In autoimmune dis­eases, the human body’s own defense system turns against itself, attacking healthy cells and their protein com­po­nents. 

Junior Christine Aush­erman spent her summer at the Van Andel Research Institute as part of their Frederik and Lena Meijer Summer Internship Program, where she worked on a new method to pin­point which pro­teins are being attacked.

Ausherman’s work focused on lupus, a disease in which the immune system’s anti­bodies — part of a defense mech­anism that nor­mally fights bac­teria and viruses — fail to dis­tin­guish between foreign invaders and healthy tissue and attack the body’s own pro­teins.

This autoimmune response can cause a variety of symptoms ranging from fatigue and joint pain to kidney inflam­mation. As many as five million people worldwide have a form of lupus, and approx­i­mately 16,000 new cases are reported each year, according to the Lupus Foun­dation of America.

For her summer research, Aush­erman worked with a spe­cific tool called a peptide microarray, which allows researchers to test an antibody’s inter­action with a variety of dif­ferent pro­teins at once.

“Peptide microarrays are spe­cialized glass micro­scope slides that display mod­ified forms of pro­teins on the slide surface at very high density,” said Scott Rothbart, assistant pro­fessor in the Van Andel Research Institute’s Center for Epi­ge­netics and lead inves­ti­gator in the lab where Aush­erman worked. “This allows us to monitor upward of 10,000 indi­vidual inter­ac­tions simul­ta­ne­ously and com­par­a­tively on a single slide.”

To test for protein-antibody inter­action, the glass slide is flooded with an antibody. If the antibody attacks a par­ticular type of protein, it will bind to the protein on the slide, while pro­teins unaf­fected by the antibody will remain untouched. Attached to the anti­bodies are flu­o­rescent mol­e­cules that allow the researchers to see which pro­teins attracted the anti­bodies.

“Then, we can look at the plate and see where the antibody binds,” Aush­erman said. “The antibody is flu­o­res­cently labelled, so if the antibody binds, that area will light up under a flu­o­rescent scanner.”

Ausherman’s microarrays focused on his­tones, a type of protein that helps package and store the cell’s DNA and can be attacked by anti­bodies in lupus patients.

“It’s been known for a while that anti­bodies against histone pro­teins are markers of autoimmune dis­eases like lupus and rheumatoid arthritis,” Rothbart said.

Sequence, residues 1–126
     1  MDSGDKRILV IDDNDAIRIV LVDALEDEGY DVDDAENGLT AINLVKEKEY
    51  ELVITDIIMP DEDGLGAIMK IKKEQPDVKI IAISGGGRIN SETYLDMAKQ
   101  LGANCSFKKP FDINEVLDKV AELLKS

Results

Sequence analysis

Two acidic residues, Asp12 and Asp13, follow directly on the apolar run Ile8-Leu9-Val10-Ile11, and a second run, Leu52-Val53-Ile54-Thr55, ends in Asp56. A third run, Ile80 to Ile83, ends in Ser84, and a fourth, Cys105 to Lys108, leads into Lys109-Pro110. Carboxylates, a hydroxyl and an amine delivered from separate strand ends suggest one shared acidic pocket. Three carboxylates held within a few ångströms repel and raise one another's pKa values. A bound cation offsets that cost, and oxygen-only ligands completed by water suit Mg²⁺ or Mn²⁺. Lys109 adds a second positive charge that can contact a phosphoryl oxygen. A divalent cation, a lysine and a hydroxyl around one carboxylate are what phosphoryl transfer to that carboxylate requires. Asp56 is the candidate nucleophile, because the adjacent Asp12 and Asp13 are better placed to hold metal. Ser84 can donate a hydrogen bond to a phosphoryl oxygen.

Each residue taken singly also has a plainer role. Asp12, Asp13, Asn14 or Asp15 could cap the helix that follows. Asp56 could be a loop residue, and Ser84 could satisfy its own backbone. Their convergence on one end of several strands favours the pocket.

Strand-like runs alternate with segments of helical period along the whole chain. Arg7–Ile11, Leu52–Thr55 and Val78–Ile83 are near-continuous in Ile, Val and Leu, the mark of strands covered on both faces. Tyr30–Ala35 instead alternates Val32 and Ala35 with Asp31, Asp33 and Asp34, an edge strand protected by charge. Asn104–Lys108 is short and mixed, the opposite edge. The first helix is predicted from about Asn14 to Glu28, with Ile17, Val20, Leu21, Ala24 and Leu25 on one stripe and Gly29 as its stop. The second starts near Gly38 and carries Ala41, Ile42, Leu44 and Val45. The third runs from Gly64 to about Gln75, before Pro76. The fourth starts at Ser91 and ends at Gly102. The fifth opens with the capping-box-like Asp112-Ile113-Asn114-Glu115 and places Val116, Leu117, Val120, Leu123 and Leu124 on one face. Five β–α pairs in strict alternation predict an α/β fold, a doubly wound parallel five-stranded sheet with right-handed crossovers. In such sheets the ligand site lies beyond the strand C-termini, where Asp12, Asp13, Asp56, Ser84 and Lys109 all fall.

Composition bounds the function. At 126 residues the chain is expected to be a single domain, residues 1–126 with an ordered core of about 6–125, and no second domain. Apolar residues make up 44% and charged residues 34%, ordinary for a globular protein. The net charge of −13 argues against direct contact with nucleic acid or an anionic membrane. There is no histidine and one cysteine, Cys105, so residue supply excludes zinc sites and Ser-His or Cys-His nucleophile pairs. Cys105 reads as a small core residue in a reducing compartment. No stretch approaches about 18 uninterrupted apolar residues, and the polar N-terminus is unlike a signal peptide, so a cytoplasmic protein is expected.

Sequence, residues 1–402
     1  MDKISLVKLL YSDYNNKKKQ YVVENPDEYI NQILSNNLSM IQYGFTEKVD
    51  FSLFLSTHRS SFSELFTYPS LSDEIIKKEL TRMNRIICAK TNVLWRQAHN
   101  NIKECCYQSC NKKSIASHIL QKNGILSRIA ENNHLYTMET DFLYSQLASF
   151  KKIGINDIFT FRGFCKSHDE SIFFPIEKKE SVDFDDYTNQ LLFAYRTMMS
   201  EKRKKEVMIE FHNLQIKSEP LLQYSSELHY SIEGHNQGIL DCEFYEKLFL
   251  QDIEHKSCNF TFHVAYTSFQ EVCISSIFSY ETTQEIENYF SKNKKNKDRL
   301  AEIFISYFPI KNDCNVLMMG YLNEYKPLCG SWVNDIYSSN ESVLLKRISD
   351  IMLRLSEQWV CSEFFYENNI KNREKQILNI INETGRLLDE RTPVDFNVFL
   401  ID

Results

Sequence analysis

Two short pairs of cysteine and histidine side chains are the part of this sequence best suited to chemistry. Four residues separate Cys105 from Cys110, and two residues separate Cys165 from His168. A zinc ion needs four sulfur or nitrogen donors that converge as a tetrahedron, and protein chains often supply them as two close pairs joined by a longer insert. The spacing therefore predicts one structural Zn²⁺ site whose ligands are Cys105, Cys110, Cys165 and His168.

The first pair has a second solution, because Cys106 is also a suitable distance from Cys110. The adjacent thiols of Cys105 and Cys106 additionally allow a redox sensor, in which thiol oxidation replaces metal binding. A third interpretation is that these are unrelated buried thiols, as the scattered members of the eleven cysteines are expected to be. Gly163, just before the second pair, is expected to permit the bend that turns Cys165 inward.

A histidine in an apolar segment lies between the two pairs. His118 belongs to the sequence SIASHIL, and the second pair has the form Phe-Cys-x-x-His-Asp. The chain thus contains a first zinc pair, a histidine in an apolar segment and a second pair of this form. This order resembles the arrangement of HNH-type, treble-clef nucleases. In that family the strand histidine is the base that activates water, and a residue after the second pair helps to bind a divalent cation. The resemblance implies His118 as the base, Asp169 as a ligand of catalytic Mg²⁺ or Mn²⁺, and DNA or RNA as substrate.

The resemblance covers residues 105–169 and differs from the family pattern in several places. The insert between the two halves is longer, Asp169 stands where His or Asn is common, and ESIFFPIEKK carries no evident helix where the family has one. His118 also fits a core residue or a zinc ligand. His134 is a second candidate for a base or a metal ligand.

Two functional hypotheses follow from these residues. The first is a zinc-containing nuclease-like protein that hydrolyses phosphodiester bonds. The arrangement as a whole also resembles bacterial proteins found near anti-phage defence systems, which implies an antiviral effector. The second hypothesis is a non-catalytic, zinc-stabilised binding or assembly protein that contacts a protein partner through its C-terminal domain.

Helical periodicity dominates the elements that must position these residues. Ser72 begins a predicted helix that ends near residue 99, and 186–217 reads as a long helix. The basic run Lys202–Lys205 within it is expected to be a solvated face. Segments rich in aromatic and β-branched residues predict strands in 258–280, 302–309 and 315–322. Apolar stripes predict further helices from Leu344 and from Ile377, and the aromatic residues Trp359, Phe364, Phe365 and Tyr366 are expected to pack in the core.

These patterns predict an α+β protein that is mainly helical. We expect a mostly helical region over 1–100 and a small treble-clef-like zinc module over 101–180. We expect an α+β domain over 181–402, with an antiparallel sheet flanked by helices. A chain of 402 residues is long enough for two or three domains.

Using the histone peptide microarrays, Aush­erman tested anti­bodies from lupus patients’ blood and com­mercial anti­bodies for their response to dif­ferent his­tones. 

While she focused on the four most common types of his­tones, these his­tones can be mod­ified in many ways with dif­ferent chemical tags, and the tags will affect their inter­ac­tions with anti­bodies, Aush­erman said.

By using anti­bodies from lupus patients, Aush­erman was able to see if there was a common antibody response among the patients to par­ticular mod­ified forms of histone pro­teins.

“The goal of the project was to determine the utility of this new tool for the capture of anti­bodies from patients with lupus,” Rothbart said. “The histone peptide microarray is a platform we’ve helped develop over the last few years, and the capture of these anti­bodies is a new use for this tool.”

While Rothbart said more work is needed to establish this microarray tech­nique as a way to screen patient samples, he is opti­mistic that further work will allow the tech­nique to be used as a clinical diag­nostic and staging tool or as a way to identify new bio­markers for autoimmune dis­eases such as lupus and rheumatoid arthritis. He said the tech­nique may ulti­mately be applicable to cancer, too.

“Where we’d ulti­mately like to go is to explore the use of this tech­nology in cancer,” Rothbart said. “We’re a cancer epi­ge­netics lab, and so I think an unex­plored space in this area is the preva­lence of histone anti­bodies in patients with tumors. With proof-of-concept that this platform works with autoimmune cases, we’re excited for the prospect of applying this tech­nology to other dis­eases as well.”